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China: Are there no Samaritans?

2012-12-14 12:10

BEGINNING OF THE END: Five-year-old Yan Zhe crosses the road in front of the minibus that would moments later crush him.


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BEIJING, China - A video of a child being crushed by a minibus then ignored by passers-by has ignited a new bout of soul-searching in China.

Internet users are asking: "Are ethics slipping amid rapid change?"

The video, which police told state news agency Xinhua was authentic, shows five-year-old Yan Zhe crossing a street alone in front of the parked bus which knocks him over as it pulls away.


Several passers-by walk on while others stand around. When one woman waves for help as she rushes over to the driver of an approaching car, he reverses away.

It was 10 minutes before another car driver took Yan Zhe to hospital but the boy died on the way, Xinhua reported.

The event recalled a similar case in 2011 when a toddler, fatally struck by two vehicles, lay on the street while at least 18 people walked past.

A provincial news anchor said after the more recent incident: "This soundless image again stirs up a huge wave deep in our hearts, questions our innermost being... is there a conscience there?" 

Xinhua said the minibus driver agreed to pay Yan's parents the equivalent of nearly R1-million compensation if they did not press charges.


Users of China's Twitter-like service Sina Weibo said the boy's death symbolised deteriorating ethics in the country. "This society is completely deformed, there are no words to describe the apathy among people, how long can this kind of China go on?" asked one.

Another: "The moral fibre of the Chinese people is trash."

Some, however, focused on the individuals involved. "I feel the guardian bears major responsibility. How can you let a small child play on the street by himself? The driver also kind of lacks humanity."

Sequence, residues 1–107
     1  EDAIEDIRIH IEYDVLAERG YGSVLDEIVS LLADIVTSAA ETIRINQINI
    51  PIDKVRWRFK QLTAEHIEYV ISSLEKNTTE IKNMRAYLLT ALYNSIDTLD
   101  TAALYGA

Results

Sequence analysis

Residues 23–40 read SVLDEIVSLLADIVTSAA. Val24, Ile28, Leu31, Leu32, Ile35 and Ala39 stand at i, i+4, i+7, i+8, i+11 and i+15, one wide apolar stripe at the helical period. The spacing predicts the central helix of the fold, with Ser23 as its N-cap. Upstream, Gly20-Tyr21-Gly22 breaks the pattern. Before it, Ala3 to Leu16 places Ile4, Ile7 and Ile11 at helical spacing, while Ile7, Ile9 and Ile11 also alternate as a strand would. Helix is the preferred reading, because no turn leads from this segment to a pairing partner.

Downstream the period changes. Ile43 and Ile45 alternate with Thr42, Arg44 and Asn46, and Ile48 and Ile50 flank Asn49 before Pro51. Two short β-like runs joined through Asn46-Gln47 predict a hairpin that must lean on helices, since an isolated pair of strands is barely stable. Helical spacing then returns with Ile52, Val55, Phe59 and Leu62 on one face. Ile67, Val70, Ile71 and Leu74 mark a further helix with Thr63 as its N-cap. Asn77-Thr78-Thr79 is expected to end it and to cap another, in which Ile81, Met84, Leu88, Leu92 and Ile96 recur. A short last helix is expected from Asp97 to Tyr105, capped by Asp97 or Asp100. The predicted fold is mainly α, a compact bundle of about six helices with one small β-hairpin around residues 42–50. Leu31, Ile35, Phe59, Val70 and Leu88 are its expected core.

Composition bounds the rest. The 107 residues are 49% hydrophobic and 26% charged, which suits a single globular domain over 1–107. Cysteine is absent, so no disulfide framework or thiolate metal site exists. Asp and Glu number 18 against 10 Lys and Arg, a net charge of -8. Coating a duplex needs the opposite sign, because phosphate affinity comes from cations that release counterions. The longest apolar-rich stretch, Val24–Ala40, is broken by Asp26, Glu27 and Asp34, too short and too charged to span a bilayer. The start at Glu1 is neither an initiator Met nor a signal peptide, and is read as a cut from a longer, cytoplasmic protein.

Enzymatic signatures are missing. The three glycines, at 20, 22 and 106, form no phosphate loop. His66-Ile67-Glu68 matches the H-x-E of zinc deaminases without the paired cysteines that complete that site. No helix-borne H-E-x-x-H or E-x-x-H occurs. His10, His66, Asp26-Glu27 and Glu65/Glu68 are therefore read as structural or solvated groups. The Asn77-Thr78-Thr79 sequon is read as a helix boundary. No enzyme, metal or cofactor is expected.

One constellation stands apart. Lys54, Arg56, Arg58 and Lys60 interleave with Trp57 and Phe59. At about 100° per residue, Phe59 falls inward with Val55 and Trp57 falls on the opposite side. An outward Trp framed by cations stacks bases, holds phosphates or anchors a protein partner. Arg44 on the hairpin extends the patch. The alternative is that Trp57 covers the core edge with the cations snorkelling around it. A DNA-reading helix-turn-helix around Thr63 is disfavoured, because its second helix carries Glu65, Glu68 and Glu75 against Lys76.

An unnamed local government official told Xinhua that the death differed from that of 2011 because passers-by "actively helped" and the driver did not leave the scene.

In that incident two-year-old "Yue Yue" was finally picked up by a rubbish collector who moved her to the kerb.

At the time provincial leader Wang Yang was quoted in Xinhua as saying: "We should look into the ugliness in ourselves with a dagger of conscience and bite the soul-searching bullet."

WHEELS24 SAYS: Within most legal systems - South Africa included - there is no compulsory duty of performance for bona fide civilians in emergency situations, as there is with emergency service workers (doctors, nurses, EMT’s, police, lifeguards and the like) even if they’re off duty.

Therefore, China does not have a set legal prohibition against helping injured people.

The issue that seems to make Chinese citizens reluctant to do so is the possibility of the person they help blaming them for the event which caused their injuries and subsequently being ordered by a Chinese court of law to pay compensation to the person who has falsified their claim(China has a history of  these sort of occurrences).

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